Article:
Windows ANE tutorial: The AIR library

At the end of this part you will have:

An AIR library, ready to be packaged in an AIR Native Extension for Windows.


10-15 minutes

Wait, have you done this first?

The first two parts of this tutorial walk you through building the native Windows library that your ANE will use. If you haven’t done that yet, you can do it after this part, but make sure you have a DLL built before you move on to packaging the ANE.

Step 1: Create a Flex Library Project

Note: You don’t need to read this step in detail if you already know how to set up a Flex Library.

In Flash Builder select File > New > Flex Library Project:

Create Flex Library Project

In the dialog that appears, tick Include Adobe AIR libraries. Name your project and save it. I have named mine DiaDrawWindowsANETutorialAIRLib:

Create a Flex Library Project

Leave the next step of the New Flex Library dialog set as default and click Finish to create your AIR library project.

Step 2: Create the AIR wrapper for your ANE

In this step you’ll add an ActionScript class to your AIR library, whose purpose will be to talk to Windows.

Add a new ActionScript class to the src/ folder of your project, name it WindowsExtensionWrapper, set its superclass to and put it in a package of your choice: mine is com.diadraw.extensions.

Why subclass EventDispatcher?

A lot of the work that happens in an Adobe AIR Native Extension is asynchronous. Getting asynchronous events from your Windows DLL is also one of the few ways that the code in the DLL can communicate with your AIR library. Making your extension wrapper inherit EventDispatcher allows you to pass these events back to an app that uses your ANE.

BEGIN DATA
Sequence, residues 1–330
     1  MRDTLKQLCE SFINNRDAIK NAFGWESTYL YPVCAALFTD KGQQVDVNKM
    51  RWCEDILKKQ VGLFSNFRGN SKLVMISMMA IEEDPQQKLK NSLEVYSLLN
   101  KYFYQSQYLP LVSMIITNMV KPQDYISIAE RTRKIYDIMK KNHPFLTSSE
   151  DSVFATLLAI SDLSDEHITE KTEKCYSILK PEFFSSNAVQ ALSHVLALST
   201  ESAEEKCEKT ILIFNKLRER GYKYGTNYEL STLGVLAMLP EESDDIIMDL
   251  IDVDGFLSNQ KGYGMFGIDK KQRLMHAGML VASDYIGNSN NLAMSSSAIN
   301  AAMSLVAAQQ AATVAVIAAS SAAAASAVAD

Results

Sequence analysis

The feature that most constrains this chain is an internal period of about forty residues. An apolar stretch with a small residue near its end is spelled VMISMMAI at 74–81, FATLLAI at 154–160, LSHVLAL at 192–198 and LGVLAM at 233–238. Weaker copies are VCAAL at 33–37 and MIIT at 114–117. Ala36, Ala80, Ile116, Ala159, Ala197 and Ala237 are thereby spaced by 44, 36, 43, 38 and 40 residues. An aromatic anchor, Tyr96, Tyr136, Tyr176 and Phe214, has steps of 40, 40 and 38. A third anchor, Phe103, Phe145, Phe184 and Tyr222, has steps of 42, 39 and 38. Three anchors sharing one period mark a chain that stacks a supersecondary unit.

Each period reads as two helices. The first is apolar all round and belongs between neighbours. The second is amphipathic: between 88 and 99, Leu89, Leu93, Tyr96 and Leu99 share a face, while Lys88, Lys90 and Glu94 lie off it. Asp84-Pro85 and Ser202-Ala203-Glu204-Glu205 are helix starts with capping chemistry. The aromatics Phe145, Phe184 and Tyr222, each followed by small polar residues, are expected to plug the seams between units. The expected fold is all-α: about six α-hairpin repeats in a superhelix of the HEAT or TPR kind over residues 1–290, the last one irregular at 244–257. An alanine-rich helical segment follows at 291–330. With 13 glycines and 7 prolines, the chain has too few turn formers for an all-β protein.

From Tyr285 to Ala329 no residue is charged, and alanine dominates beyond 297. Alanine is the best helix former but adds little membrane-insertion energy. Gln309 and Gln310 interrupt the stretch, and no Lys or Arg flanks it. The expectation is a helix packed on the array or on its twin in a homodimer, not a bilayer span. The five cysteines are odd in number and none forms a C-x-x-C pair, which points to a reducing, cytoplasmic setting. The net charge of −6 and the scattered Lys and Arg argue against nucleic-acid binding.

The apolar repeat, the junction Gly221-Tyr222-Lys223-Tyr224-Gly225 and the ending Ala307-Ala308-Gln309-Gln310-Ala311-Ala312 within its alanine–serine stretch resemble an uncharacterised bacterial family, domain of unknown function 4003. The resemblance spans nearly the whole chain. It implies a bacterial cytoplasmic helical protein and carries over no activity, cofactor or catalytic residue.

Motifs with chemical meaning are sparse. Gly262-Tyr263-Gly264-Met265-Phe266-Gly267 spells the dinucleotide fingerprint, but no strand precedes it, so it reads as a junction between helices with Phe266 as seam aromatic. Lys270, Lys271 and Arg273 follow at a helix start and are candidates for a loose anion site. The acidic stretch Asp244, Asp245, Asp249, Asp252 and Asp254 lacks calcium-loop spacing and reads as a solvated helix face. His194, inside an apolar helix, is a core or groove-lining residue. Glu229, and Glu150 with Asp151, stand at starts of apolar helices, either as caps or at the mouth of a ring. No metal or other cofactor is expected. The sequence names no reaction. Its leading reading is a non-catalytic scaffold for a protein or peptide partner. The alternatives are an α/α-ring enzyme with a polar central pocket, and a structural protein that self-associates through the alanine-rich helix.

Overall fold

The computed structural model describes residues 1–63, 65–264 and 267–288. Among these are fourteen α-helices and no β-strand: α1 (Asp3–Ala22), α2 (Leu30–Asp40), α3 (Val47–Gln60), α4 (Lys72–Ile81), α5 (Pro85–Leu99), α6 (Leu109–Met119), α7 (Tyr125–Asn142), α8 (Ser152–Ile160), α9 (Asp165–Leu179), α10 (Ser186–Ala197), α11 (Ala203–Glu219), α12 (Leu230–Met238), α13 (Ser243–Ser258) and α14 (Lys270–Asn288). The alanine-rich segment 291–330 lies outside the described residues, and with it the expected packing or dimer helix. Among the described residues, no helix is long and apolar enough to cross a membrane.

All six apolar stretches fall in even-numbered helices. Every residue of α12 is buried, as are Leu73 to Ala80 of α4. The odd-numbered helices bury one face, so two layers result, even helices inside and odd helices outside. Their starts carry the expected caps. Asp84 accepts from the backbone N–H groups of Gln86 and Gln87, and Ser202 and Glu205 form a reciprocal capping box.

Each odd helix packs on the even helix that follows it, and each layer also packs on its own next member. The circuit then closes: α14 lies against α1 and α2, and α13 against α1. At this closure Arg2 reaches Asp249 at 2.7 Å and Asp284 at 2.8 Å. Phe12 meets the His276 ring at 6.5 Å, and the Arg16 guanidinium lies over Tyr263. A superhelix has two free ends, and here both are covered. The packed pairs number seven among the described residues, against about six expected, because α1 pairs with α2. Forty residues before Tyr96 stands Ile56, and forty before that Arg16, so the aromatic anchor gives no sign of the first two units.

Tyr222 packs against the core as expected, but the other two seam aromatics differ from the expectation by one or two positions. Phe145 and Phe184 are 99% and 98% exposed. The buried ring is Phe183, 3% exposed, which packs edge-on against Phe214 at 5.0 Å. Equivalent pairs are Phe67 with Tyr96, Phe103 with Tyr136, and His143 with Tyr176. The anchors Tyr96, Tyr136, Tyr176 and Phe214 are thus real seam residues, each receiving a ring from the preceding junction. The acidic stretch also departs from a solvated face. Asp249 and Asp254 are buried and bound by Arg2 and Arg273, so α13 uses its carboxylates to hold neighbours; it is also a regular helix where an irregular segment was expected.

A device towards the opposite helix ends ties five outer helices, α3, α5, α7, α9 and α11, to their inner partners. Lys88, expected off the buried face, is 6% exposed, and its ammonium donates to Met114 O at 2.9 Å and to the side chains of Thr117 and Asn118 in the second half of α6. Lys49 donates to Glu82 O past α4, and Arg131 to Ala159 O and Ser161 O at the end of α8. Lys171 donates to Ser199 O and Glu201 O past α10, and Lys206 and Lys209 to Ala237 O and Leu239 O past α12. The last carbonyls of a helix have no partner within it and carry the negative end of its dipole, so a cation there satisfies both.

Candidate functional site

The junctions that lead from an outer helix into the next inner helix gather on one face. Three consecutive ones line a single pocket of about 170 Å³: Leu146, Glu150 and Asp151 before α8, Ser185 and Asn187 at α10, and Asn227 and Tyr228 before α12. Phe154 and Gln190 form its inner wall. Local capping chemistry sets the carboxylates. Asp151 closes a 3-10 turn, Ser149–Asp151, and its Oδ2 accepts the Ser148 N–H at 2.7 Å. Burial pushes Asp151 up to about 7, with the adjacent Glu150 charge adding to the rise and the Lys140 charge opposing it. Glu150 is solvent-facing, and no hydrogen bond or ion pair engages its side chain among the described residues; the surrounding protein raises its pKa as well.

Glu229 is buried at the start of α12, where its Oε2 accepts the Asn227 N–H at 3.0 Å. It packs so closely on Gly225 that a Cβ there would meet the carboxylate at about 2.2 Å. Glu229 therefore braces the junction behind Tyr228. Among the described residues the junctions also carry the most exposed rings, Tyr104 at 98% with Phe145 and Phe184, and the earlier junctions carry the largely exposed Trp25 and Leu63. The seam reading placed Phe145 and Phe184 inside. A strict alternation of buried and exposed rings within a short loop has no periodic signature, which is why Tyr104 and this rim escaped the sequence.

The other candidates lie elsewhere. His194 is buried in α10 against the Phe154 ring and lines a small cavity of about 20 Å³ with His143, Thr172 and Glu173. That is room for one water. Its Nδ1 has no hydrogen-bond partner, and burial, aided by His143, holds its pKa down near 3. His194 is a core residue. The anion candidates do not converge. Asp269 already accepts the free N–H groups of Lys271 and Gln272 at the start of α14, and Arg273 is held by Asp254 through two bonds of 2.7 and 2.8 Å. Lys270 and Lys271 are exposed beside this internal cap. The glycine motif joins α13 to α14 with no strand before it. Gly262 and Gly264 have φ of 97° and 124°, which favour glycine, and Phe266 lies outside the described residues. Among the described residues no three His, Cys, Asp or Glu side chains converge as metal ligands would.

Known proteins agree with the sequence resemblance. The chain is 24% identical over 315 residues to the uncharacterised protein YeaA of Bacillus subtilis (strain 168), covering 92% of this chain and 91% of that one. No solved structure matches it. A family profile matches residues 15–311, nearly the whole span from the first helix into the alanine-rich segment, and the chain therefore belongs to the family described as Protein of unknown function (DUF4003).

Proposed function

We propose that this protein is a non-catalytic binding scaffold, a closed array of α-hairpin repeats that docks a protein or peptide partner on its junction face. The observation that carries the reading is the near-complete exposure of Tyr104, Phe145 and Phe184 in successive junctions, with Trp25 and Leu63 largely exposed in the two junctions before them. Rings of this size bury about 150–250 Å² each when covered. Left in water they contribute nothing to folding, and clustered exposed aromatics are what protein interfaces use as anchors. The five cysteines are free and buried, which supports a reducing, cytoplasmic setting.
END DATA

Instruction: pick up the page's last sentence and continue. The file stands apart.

I won’t cover passing messages on Windows in this tutorial. Unless you scream loud and clear in the comments below, of course.

Do you remember the slightly lopsided way in which ActionScript and native code talk to one another? Click here for a quick reminder with cartoons.

Add a class to your ANE library


Flash Builder will automatically create this for you:

Step 3: Add the Extension Context

Let’s start adding functionality to your newly created class by having it create an extension context in its constructor. You will need the context instance to make calls to native code later on, so make it a private class member:

To instantiate an ExtensionContext you’ll need a unique string – an Extension ID. You will also need to listen to events that may come from your native code.

Below is the modified code for the WindowsExtensionWrapper class:

Step 4: Add the AIR API of your extension

As pompous as this sounds, that’s actually the meat of your AIR library: the functions that will serve as the interface between an app and the native code you wrote in the previous step of this tutorial.

Well, one function in this case. Add the following public method to your WindowsExtensionWrapper class:

Step 5: Add the extension descriptor

The extension descriptor tells AIR about the native library. Click here for a reminder of how that works.

Add a new XML file to your AIR library’s src folder and name it DiaDrawWindowsANETutorialAIRLib-extension.xml (you can give it any name, really).

Your project should now look like this:

Extension descriptor for Windows

And this is what your extension file should contain:

Build your project to make sure you don’t get any compiler errors and you are now ready to package your ANE.

What’s next?

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  • step-by-step guide to making your iOS extension in under an hour
  • library for data conversion between ActionScript and native code
  • tutorials
  • infographics
  • code included

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